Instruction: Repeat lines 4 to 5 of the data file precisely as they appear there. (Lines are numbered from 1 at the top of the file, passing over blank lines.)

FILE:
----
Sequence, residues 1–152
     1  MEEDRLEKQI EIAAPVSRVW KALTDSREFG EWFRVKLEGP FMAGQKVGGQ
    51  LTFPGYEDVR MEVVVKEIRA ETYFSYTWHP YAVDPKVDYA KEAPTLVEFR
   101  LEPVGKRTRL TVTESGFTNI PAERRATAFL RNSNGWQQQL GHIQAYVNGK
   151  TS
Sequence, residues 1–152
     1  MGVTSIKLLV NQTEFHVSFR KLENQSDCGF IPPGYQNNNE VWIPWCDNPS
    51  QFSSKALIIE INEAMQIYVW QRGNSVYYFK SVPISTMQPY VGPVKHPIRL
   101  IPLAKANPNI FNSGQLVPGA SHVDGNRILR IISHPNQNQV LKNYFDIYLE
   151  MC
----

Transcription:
   101  LEPVGKRTRL TVTESGFTNI PAERRATAFL RNSNGWQQQL GHIQAYVNGK
   151  TS